Jordan Cunningham working to hold police accountable for sexual misconduct
The Sutter County Sheriff’s Office released disciplinary records last week detailing the firing of a deputy for allegedly using his position as a law enforcement officer to intimidate women into having sex with him while on duty. The documents were obtained by The Sacramento Bee through a new state law requiring law enforcement agencies to release documents, videos and other materials associated with use-of-force or disciplinary cases.
The case involved the termination of Sutter Deputy Michael Thomas Slayton in 2005 after at least two women made reports that they had sex with him while he was on duty. At least one woman said it was coerced. The incidents were investigated by the California Department of Justice but Slayton was never prosecuted because of “insufficient evidence to obtain a conviction,” the documents show.
However, Slayton was terminated from the sheriff’s office for “conduct unbecoming an officer,” then-Sutter County Sheriff Jim Denney wrote in a letter dated Aug. 27, 2005.
Denney wrote in a letter that Slayton had violated sheriff’s office rules for personnel, telling the deputy that “you allegedly engage in sexual activity with a female by wearing your department uniform intimidating her to submit to your demands.” The letter was heavily redacted, as were other documents released by the sheriff’s office.
“The internal affairs investigation determined that you did violate charges of conduct unbecoming and on-duty conduct regarding your alleged sexual activity,” the letter said.
While the investigation was active, Slayton was jailed for a stint in the Sutter County Jail on suspicion of threatening and stalking his wife while they were in the midst of divorce proceedings, according to an Aug. 17, 2005, article in the Appeal-Democrat newspaper.
The majority of charges were dismissed and he was sentenced to five years’ probation, according to court records.
Slayton could not be reached for comment.
The criminal investigation into his alleged sexual misconduct was conducted by the state Department of Justice, whose investigators found “several other women” who alleged to be victims of sexual assault by Slayton. A timeline of events included in the document release shows at least four incidents between 1996 and 2003.
One complaint made in 2003 alleged Slayton had taken advantage of an intoxicated woman he had picked up in his patrol car.
The woman, whose name is redacted, reported to her boyfriend’s parole officer that Slayton had picked her up on Township Road in Yuba City while she was trying to walk home. She later told sheriff’s investigators that she had become drunk at a nearby house but left after a man there started waving around a gun. Feeling unsafe at the residence, she began walking home but kept dropping her belongings in the road.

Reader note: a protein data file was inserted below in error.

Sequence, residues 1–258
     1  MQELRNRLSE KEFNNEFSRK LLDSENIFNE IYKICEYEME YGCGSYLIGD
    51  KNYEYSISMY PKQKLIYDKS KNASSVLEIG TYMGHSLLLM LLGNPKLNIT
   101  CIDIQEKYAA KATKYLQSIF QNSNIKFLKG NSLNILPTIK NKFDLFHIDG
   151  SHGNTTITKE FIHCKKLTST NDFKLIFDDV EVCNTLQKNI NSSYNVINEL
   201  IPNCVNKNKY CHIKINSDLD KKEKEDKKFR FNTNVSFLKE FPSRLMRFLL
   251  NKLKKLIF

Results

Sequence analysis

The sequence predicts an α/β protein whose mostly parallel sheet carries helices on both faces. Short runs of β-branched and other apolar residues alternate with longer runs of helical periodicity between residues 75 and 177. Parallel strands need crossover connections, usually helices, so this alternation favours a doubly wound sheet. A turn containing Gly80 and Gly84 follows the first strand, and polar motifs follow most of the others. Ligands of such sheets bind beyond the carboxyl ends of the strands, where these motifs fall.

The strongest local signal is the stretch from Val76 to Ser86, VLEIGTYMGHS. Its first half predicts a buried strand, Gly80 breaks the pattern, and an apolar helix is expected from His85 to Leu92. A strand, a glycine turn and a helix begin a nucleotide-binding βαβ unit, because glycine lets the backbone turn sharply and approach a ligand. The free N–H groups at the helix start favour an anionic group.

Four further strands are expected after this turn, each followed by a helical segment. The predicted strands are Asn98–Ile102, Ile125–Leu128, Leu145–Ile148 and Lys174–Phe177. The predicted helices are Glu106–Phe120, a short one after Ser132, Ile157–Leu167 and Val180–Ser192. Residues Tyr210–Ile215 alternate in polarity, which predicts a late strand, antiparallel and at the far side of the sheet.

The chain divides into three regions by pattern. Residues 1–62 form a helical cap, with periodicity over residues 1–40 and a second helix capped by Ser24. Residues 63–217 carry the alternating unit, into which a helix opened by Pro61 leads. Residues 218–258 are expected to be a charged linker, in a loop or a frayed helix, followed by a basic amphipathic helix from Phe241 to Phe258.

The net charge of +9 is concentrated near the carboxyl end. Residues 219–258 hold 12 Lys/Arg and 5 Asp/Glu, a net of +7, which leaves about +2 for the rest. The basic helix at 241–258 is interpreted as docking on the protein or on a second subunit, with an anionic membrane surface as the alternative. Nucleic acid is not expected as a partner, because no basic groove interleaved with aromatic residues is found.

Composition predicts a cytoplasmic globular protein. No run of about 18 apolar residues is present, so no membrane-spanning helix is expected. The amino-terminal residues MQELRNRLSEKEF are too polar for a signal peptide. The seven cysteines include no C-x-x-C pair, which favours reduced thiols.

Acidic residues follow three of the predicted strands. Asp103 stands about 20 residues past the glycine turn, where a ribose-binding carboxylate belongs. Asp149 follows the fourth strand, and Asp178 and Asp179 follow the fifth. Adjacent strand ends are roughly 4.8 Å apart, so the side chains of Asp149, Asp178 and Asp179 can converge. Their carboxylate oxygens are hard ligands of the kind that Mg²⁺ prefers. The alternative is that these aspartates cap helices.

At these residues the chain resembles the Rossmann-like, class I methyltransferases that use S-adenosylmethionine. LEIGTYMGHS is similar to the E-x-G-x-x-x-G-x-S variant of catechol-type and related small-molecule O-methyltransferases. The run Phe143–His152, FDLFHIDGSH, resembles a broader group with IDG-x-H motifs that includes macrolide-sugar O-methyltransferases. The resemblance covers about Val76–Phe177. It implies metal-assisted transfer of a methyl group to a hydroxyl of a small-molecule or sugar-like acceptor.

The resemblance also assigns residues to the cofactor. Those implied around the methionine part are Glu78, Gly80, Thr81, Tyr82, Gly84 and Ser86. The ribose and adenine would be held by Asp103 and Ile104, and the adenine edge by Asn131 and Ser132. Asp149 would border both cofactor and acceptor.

Slayton saw her while on patrol and stopped, offering her a ride home. She got into the front seat with him, according to the Internal Affairs investigation report.
She told an investigator “they drove around for a while, the(n) later parked and they had sexual intercourse,” according to documents. “I asked her how the sex happened and she said ‘one thing just led to another and it just happened.’ ”
“She advised he didn’t force her, threaten her nor was he mean in anyway, but it was afterwards that she felt it was a trust issue and knew it was wrong.”
In his interview with investigators, Slayton said the woman came on to him once she got in the car, pulling up her skirt and making sexual innuendos.
He admitted to having sex with the woman after driving around with her, but said she expressed satisfaction afterward, according to the investigation report.
Slayton allegedly kept in contact with the woman, calling her and keeping tabs on her whereabouts. The woman said they never had intercourse again, but that he would call her and ask where she was and what she was doing. She said once when he called she gave him a false place and later saw his car parked there and that “bothered her.”
She also told investigators that when she was later arrested for an unrelated offense, Slayton called her about the arrest and said she should call him and “he could help her or something to that effect,” according to an investigation report written by Capt. J. Paul Parker of the Sutter sheriff’s office.
In the second complaint included in the investigation, a woman called the sheriff’s office in 2005 to report Slayton had allegedly coerced her into sex after he responded to a disturbance complaint at her house more than two years earlier.
Slayton responded to the house Dec. 31, 2002, to take a report for a disturbance complaint, the investigation report said, but allegedly returned to the house later that night. Slayton said the woman made sexual advances toward him and invited him back after his shift. However, she said he came back unbidden and coerced her into having sex, at one point saying he would “use his handcuffs if she was not quiet,” according to the complaint.
In Slayton’s account of events, he said the woman took him to her bedroom and began undressing him. She “was in full control and not intimidated in the least,” according to the report.
The woman later became uncooperative during the investigation.
In Slayton’s termination letter, Denney wrote “both (the woman) and you admit that sexual intercourse occurred between the two of you. However, the investigation could not confirm that the intercourse was against her will as (the woman) had claimed. The investigation did confirm that your conduct, both with (the two women complainants) was such that it was conduct unbecoming an officer.”